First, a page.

I've definitely read my share of interesting stories related to immigration and the U.S.-Mexico border. This one, about a Muslim cleric who had been deported from Canada getting caught while unsuccessfully being smuggled back into the United States, comes to mind. But I don't want to sell short a story from the Los Angeles Times about a surge of illegal immigrants coming from ... India. Right away, readers are told that this is both a religious story and a political one:
The immigrants, mostly young men from poor villages, say they are fleeing religious and political persecution. More than 1,600 Indians have been caught since the influx began here early last year, while an undetermined number, perhaps thousands, are believed to have sneaked through undetected, according to U.S. border authorities. ...
There is no evidence that terrorists are using the smuggling pipeline, FBI and Department of Homeland Security officials said.
The story goes on, though, to explain that there is no evidence to the men's claims of fleeing religious persecution. Instead, many authorities suspect the immigrants are chasing economic opportunities:
Most of the immigrants say they are from the Punjab or Gujarat states. They are largely Sikhs who say they face religious persecution, or members of the Bharatiya Janata Party who say they are targeted for beatings by members of the National Congress Party.
But analysts and human rights monitors say political conditions in India don't explain the migration. There is no evidence of the kind of persecution that would prompt a mass exodus, they say, and Sikhs haven't been targets since the 1980s. The prime minister of India, Manmohan Singh, is a Sikh.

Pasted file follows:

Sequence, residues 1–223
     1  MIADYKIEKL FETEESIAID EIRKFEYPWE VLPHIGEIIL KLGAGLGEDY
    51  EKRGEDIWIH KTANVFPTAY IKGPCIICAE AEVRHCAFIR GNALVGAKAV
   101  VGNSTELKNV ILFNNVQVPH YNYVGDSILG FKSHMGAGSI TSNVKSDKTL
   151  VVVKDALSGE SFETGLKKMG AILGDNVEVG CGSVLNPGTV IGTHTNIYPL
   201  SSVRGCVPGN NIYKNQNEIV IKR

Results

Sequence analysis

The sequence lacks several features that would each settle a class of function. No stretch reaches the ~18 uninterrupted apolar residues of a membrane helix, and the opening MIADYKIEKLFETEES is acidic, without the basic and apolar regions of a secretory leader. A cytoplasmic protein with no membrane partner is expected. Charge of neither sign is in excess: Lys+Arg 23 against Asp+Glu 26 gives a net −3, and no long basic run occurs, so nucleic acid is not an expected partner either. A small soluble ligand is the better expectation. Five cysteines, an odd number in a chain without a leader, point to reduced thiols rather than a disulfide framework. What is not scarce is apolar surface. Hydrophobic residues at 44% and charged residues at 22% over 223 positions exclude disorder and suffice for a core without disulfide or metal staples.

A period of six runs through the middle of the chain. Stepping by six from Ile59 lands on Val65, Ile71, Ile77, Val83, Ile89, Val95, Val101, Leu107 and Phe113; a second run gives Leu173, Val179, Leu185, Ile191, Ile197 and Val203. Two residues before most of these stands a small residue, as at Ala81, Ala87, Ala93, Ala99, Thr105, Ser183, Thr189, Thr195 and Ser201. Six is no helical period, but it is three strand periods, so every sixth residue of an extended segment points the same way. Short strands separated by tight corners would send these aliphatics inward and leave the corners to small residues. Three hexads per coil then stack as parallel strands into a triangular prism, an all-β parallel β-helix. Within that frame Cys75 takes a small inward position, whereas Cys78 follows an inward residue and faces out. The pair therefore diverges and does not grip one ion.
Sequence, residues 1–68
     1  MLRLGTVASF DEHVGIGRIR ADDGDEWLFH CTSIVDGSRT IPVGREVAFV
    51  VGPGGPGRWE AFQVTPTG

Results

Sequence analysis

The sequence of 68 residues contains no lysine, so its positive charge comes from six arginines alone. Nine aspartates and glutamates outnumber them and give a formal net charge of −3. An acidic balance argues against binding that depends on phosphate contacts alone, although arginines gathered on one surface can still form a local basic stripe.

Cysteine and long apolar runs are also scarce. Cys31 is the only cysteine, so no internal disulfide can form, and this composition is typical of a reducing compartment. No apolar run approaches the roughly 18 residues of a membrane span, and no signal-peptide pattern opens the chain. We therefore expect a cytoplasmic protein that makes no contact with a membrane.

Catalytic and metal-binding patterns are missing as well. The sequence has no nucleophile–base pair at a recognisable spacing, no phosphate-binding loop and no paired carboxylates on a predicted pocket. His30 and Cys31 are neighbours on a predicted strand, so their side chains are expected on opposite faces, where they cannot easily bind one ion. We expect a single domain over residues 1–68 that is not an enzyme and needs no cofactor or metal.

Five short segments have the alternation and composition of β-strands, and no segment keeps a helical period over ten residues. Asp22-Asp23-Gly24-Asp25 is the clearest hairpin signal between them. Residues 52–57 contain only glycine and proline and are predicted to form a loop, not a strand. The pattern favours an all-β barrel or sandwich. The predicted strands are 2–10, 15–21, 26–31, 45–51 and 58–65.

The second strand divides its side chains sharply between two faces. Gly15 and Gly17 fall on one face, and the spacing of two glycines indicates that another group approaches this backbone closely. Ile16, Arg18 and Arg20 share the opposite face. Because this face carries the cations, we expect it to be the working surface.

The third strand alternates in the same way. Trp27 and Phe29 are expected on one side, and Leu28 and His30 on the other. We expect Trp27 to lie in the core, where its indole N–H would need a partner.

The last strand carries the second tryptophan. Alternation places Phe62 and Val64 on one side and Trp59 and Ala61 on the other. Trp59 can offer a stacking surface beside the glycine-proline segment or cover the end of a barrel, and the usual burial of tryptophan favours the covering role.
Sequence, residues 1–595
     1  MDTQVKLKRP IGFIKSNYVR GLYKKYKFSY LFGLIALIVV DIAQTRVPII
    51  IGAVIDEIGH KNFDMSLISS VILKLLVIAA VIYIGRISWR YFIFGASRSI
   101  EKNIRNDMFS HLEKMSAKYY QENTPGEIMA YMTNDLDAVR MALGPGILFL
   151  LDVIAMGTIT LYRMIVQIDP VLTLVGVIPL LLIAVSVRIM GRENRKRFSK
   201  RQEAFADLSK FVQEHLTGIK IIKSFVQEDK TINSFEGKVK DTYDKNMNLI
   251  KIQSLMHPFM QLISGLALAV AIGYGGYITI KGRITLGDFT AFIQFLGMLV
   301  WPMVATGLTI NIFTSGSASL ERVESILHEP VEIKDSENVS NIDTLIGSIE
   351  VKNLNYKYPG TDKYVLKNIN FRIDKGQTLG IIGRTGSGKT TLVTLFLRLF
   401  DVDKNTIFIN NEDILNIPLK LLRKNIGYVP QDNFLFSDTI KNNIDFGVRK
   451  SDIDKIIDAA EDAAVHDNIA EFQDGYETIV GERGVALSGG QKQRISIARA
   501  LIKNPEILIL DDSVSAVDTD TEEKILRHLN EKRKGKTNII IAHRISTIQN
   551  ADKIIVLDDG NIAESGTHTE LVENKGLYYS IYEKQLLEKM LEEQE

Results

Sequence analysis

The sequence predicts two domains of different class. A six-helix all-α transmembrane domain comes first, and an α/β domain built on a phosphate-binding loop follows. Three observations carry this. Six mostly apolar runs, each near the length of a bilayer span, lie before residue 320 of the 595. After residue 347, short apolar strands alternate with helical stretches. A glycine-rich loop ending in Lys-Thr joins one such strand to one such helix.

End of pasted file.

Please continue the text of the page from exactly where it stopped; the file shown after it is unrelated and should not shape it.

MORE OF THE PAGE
This is all good and helpful information. But, unfortunately, this is basically the end of detailing the religious identity of these Indian immigrants (other than mentioning that in Rio Grande Valley some Sikhs had been "confronted by locals alarmed by the sight of people wearing turbans"). The rest of the article focuses on basically two things: calling into question their claims of fleeing persecution and discussing the burden this is on the immigration system.
I have some qualms with this approach in general -- the story feels like it went for multiple voices saying the same thing instead of going for depth -- but, more importantly, how about telling us a little something about Sikhs?
I've been reporting on religion for six or so years now, and I've never had occasion to write about Sikhs, have never met one and still know very little about them. I do know that they are a religious minority in India, even more so than Muslims and Christians but not as minor, I suspect, as Jains. But what do they believe and, if these immigrants were being honest, why might they be persecuted?
IMAGE: Via Wikimedia Commons of a Sikh wearing the religiously prescribed turban. For what purpose the paper does not explain.